Showing posts from 2008

Long time no post

Where did that 2 months go. And where did that Labour government go?? I will have to suck it in and try to cope with a National led right wing governemnt. I have to say the signs are not good. Any how, what I really wanted to say was I went to a youth service last night as part of my research. On one level it was not very liturgical. Not much prayer book used if at all. But, and it si a big but in my book it followed the gather story go framework, which was cool. As I thougth about the service though I wonder about how even with the framework there needed to be more thougth about how that impacts on how we do each piece, which did not feel so good. To be fair, the guy taking it was sick, and someone else did a great job stepping up to the plate at the last moment. But it made me think about lots of services I go to, for young and not so young. And often it feels like we not so much go through the motions,(although soemtimes it does feel like that) but that we pass through without as m

To hit or not to hit

The other day, actually the other week, there were too really interesting items on the front in the local newspaper. The first article was about a man who had been convicted for assault. He had thrown a bad of nappies at his partner. He was given home detention for this crime. Fair enough. Violence of any kind is not acceptable. Just below that article was another. It celebrated the fact that enough signatures had been collected a referendum about the so called “Anti-smacking” Act which removed the right of parents to smack children as a defence in the Crimes Act. This came about because New Zealand juries had thought it alright for parents to use horse whips, planks and hose pipe on their children. According to some people, these people are good parents and as such they should not be punished. Hmmm… I wonder if many people noticed the irony of those two articles. It is not alright to throw nappies at adults. It is alright to hit children. At times in the neighbourhood I live it, t

the function of liturgy? - what is mission

Annika helpfully left this comment on my post "the function of liturgy?": "Can you define 'mission' - I think it would help being very clear in what that would mean in today's world. Only once that is clear we can then move on and talk about liturgy's function in sending 'people out to join with God in mission.'" Well, that is a good question. Here is my very anglican answer: So what is mission? The Anglican Church uses these five marks or strands to describe what mission is all about. Here are the Five Strands of Mission: • To proclaim the Good News of the Kingdom • To teach, baptise and nurture new believers • To respond to human need by loving service • To seek to transform unjust structures of society • To strive to safeguard the integrity of creation and sustain and renew the life of the earth (Bonds of Affection-1984 ACC-6 p49, Mission in a Broken World-1990 ACC-8 p101) Mission can be described as a rope, and these are the fiv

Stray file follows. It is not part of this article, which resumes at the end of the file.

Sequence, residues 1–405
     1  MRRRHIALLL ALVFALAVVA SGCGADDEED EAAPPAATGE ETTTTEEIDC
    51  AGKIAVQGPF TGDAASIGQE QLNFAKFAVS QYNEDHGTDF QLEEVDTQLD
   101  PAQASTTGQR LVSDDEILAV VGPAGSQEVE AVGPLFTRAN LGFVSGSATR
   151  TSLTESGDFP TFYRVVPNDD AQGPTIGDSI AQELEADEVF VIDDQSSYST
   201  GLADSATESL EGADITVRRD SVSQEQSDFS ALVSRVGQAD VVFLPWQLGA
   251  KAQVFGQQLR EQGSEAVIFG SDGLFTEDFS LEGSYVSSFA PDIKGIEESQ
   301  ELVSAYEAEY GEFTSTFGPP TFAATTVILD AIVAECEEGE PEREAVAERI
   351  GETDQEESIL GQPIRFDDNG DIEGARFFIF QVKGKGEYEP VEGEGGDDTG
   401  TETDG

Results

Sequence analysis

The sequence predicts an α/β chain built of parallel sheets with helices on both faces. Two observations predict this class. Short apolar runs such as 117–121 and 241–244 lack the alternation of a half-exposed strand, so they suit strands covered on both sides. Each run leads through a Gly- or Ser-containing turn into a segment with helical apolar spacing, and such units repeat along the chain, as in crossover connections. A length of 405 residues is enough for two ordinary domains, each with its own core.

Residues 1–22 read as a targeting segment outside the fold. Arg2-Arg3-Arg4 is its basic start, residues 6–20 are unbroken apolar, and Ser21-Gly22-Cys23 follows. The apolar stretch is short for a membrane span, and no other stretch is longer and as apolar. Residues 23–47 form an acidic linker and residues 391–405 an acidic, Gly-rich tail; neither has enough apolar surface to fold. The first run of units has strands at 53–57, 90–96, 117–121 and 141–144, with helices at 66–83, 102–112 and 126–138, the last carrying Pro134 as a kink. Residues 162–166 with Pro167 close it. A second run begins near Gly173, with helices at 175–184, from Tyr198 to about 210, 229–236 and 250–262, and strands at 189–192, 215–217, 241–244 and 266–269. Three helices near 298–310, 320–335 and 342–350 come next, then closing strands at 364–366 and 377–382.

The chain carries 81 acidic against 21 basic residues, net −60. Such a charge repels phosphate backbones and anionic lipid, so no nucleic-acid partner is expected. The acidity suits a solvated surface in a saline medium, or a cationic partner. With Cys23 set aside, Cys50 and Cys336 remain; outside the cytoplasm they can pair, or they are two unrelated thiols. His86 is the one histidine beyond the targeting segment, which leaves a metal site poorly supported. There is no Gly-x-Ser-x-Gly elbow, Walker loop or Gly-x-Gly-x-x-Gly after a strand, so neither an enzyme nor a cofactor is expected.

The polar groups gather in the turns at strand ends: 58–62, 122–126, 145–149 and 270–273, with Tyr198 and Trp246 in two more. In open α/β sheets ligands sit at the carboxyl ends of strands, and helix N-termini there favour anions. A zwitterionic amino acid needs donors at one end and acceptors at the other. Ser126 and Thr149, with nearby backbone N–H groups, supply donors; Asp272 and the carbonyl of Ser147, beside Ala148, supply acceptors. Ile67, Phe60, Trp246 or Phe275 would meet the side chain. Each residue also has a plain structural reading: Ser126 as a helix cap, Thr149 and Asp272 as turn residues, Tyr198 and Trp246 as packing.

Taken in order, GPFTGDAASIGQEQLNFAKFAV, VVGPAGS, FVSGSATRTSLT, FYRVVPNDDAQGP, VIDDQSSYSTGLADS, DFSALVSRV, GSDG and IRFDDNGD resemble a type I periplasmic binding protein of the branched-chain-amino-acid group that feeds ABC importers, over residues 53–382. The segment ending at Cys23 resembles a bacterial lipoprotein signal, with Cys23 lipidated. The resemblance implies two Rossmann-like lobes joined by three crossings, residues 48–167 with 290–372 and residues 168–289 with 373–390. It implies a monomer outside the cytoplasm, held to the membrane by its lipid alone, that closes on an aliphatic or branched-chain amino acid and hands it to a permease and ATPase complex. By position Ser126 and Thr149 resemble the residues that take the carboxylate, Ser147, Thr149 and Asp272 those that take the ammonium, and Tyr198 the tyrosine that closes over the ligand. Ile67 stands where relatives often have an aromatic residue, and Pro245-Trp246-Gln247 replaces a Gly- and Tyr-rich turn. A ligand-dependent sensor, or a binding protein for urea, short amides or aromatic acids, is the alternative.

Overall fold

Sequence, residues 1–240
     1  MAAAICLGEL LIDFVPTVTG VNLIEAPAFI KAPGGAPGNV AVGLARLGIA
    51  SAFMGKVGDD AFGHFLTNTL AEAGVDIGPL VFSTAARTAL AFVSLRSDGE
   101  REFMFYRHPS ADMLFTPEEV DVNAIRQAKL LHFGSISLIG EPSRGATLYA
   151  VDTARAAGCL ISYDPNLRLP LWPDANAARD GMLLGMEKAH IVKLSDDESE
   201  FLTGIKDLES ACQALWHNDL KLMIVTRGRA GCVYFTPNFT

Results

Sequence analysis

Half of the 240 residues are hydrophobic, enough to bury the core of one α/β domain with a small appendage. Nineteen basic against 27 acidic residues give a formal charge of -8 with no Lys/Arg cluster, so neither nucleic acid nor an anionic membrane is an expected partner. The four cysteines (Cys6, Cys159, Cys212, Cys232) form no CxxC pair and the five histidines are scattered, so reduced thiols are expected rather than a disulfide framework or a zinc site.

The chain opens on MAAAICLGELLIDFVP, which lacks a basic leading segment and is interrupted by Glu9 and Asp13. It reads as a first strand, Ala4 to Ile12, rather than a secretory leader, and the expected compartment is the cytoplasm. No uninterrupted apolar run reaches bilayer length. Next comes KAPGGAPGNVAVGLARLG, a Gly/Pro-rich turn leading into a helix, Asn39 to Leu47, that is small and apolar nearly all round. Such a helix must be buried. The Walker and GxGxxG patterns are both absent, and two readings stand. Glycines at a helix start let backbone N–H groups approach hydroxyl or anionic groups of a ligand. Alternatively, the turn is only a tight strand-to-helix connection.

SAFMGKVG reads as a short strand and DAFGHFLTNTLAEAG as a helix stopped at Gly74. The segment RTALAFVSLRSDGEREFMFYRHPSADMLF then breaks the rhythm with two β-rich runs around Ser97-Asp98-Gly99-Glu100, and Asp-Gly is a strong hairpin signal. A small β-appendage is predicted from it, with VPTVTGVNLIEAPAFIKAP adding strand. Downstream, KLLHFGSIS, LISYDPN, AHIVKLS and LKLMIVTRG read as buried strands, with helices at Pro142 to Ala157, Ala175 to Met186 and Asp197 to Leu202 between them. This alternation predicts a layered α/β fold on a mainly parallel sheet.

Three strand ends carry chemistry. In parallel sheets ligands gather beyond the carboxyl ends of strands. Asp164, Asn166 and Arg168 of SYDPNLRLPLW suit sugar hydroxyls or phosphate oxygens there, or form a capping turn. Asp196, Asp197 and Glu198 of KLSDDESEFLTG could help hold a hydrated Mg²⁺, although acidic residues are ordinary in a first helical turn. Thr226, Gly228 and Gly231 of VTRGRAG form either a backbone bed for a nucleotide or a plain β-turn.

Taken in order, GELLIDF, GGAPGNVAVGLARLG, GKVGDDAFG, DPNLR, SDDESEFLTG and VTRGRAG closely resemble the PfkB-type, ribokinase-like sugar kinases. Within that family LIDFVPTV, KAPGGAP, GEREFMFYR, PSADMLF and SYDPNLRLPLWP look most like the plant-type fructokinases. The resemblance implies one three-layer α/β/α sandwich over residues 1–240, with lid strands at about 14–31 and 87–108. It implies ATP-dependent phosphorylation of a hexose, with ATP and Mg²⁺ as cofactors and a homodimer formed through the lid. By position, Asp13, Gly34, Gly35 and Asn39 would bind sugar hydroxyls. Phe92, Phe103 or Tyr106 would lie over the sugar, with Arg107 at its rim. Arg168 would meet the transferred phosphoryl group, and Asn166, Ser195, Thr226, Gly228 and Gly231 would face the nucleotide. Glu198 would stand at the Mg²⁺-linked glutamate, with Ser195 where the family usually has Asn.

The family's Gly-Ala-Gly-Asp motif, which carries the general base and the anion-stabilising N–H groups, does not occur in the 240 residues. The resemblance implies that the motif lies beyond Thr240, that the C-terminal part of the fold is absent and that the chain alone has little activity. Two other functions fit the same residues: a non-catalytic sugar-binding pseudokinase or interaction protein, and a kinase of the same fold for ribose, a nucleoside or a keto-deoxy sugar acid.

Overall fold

Bible in a minute

the function of liturgy?

I met with Spanky Moore the other day to talk about my research on worship with young people in an Anglican setting. There is other stuff about that on this blog. I was trialling the interview schedule. One of the things we came to was the need to be a whole lot more specific about the functions of liturgy, and not just about the form. So I had questions about the structure and about the use of liturgy, but nothing about the function, partly because I had not so clearly thought or read about that. So I am learning about the need to do all this together: read, shape the question, interview and research, read more, work on the questions more etc... So what did we see the function of liturgy to be? 1. To provide a framework to gather people, tell the biblical story, and send people out to join with God in mission. 2. To provide a way to form the character of the whole community and the individuals involved to have an incarnational approach to God and mission. The heart of Anglican lit

and the musical version

Beached whale

memory verses

I was watching an australian kids dvd of chirstian songs. Many if not most of the songs were little memory verses all set to music to make it easier to remember. All good??? Maybe. but as I watched I thought of all those talks I have listened to which has used the line "there is a verse in the bible that says" I hate that line so much. It reduces teh bible to a ransom collection of proverbs. And the Bible is not a random collection of proverbs, and should never ever be treated as such. And as I watched this dvd I realised where some of that attitude comes from. Our education programmes which teach the memory verse, and nothing about the book that verse comes from, the author who wrote it, what the author was trying to say in teh book and how the verse fits in with that. And we never teach the whole bible, or the story of the whole bible, well hardly ever. and as a result, we end up with a view of the Bible as whakatauki, proverbs. Blah!!!


I was recently asked to comment on the decline of involvement of Anglican young people – or their drift from the Church – or even their drift into Pentecostal Church! Here is a response THE STATE OF YOUTH/LATE TEENS IN OUR CHURCH Some Observations by the Diocesan Youth Staff and the National Youth Facilitator of the Anglican Youth Network - Tikanga Pakeha When asked to comment on the state of youth/late teens in the Anglican Church in Aotearoa-New Zealand, and in particular on the decline of involvement of Anglican young people, the general consensus was question the assumption of decline. Up until a few years ago there was a feeling that we were failing with the older teens, and struggling with the younger ones as well. At diocesan events the average age was getting younger and younger. But over the last few years parishes and Dioceses have been much more proactive in their work with this age group. As a result there is now much less a sense of decline or that young people are mov